I think my sister always invested 100% in stocks. I laughed when people came on CD and touted the virtue of investing in CDs. I know sometimes my sister only could put in 4% of her income for employers matching. So it's not all about savings, it was investing, or for some people it was gambling. Whatever it worked for her.
My late FIL - who never earned more than $25k/year and invested only in CDs - died with about $1 million - when he was in his 80's. OTOH - he was really a skinflint (even when we urged him to spend money on himself and my late MIL). On the third hand - you have to remember that CDs have had some very generous risk-free returns in past decades. Robyn
Reply With Quote Quick reply to this message
 
Old 01-31-2016, 03:38 PM
 
71,651 posts, read 71,777,271 times
Reputation: 49241
i can see reducing equity's but unless you need 2% draws inflation adjusted or less rotating out of them is never a good idea . 35-40% is just fine and should do just fine over a 30 year retirement time frame . 60-65% bonds and cash is plenty
Reply With Quote Quick reply to this message
 
Old 01-31-2016, 03:48 PM
 
2,443 posts, read 2,073,079 times
Reputation: 5690
Quote:
Originally Posted by mathjak107 View Post
i can see reducing equity's but unless you need 2% draws inflation adjusted or less rotating out of them is never a good idea . 35-40% is just fine and should do just fine over a 30 year retirement time frame . 60-65% bonds and cash is plenty


Sounds like the right mix. Stocks for some growth and bonds and cash to protect from a big drop in the market.
Reply With Quote Quick reply to this message
 
Old 01-31-2016, 03:50 PM
 
Location: NE Mississippi
13,683 posts, read 8,585,088 times
Reputation: 19892
Quote:
Originally Posted by luv4horses View Post
All the articles we read today say this is a myth. Well, okay then. But one question I've always had is whether this 'myth' was refering to each member of a couple, or a couple per se. A lot of retirement rules of thumb are geared to the couple. For example Fidelity says that a couple will on average spend $220,000 on health care after they reach 65. But back to this million dollar meme, would a couple need to have saved TWO million to retire carefree? Not looking to argue the arbitrariness of this number, just wanting to understand what the original intention was.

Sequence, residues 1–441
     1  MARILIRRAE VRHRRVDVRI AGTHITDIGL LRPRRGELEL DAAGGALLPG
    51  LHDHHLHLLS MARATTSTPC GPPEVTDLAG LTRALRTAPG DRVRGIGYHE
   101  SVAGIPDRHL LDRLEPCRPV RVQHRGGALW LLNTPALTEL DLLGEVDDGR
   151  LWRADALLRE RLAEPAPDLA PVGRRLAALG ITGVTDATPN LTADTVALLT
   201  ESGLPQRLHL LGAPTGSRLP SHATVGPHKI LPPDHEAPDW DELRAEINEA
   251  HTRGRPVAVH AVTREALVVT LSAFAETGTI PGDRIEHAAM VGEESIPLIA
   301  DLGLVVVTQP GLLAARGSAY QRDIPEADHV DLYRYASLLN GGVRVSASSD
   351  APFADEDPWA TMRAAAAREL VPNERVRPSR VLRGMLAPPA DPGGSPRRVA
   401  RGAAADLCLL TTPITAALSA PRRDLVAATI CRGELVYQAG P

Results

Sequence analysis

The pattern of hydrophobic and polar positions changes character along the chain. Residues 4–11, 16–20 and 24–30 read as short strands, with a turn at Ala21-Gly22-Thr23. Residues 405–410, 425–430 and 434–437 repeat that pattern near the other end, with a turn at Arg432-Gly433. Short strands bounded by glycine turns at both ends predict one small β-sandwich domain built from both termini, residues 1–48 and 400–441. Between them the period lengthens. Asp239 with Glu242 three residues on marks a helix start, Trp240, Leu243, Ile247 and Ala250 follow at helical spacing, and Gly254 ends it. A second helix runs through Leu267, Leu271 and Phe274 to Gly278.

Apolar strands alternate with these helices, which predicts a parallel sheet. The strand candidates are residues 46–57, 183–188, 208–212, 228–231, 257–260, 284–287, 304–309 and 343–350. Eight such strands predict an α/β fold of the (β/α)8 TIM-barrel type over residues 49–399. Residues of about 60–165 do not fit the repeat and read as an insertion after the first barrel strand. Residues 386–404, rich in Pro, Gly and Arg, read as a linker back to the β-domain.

The original intention was to get everyone to invest as much money as possible with the author of such nonsense.
Reply With Quote Quick reply to this message
 
Old 01-31-2016, 03:57 PM
 
Location: NE Mississippi
13,683 posts, read 8,585,088 times
Reputation: 19892
Quote:
Originally Posted by Robyn55 View Post
My late FIL - who never earned more than $25k/year and invested only in CDs - died with about $1 million - when he was in his 80's. OTOH - he was really a skinflint (even when we urged him to spend money on himself and my late MIL). On the third hand - you have to remember that CDs have had some very generous risk-free returns in past decades. Robyn
It's one of the great ironies.
Savers become poorer as they grow older. That's because they simply cannot bring themselves to not save. Ever.

Investors actually can become wealthier. But sometimes they, too, become poor old people. Afraid to spend.

Spenders are doomed from the start. They will become poor old people.
Reply With Quote Quick reply to this message
Please register to post and access all features of our very popular forum. It is free and quick. Over $68,000 in prizes has already been given out to active posters on our forum. Additional giveaways are planned.

Detailed information about all U.S. cities, counties, and zip codes on our site: City-data.com.


Reply
Please update this thread with any new information or opinions. This open thread is still read by thousands of people, so we encourage all additional points of view.

Quick Reply
Message:

Over $104,000 in prizes was already given out to active posters on our forum and additional giveaways are planned!

Go Back   City-Data Forum > General Forums > Retirement
Follow City-Data.com founder on our Forum or

All times are GMT -6.

2005-2019, Advameg, Inc. · Please obey Forum Rules · Terms of Use and Privacy Policy · Bug Bounty

City-Data.com - Archive 1, 2, 3, 4, 5, 6, 7, 8, 9, 10, 11, 12, 13, 14, 15, 16, 17, 18, 19, 20, 21, 22, 23, 24, 25, 26, 27, 28, 29, 30, 31, 32, 33, 34, 35 - Top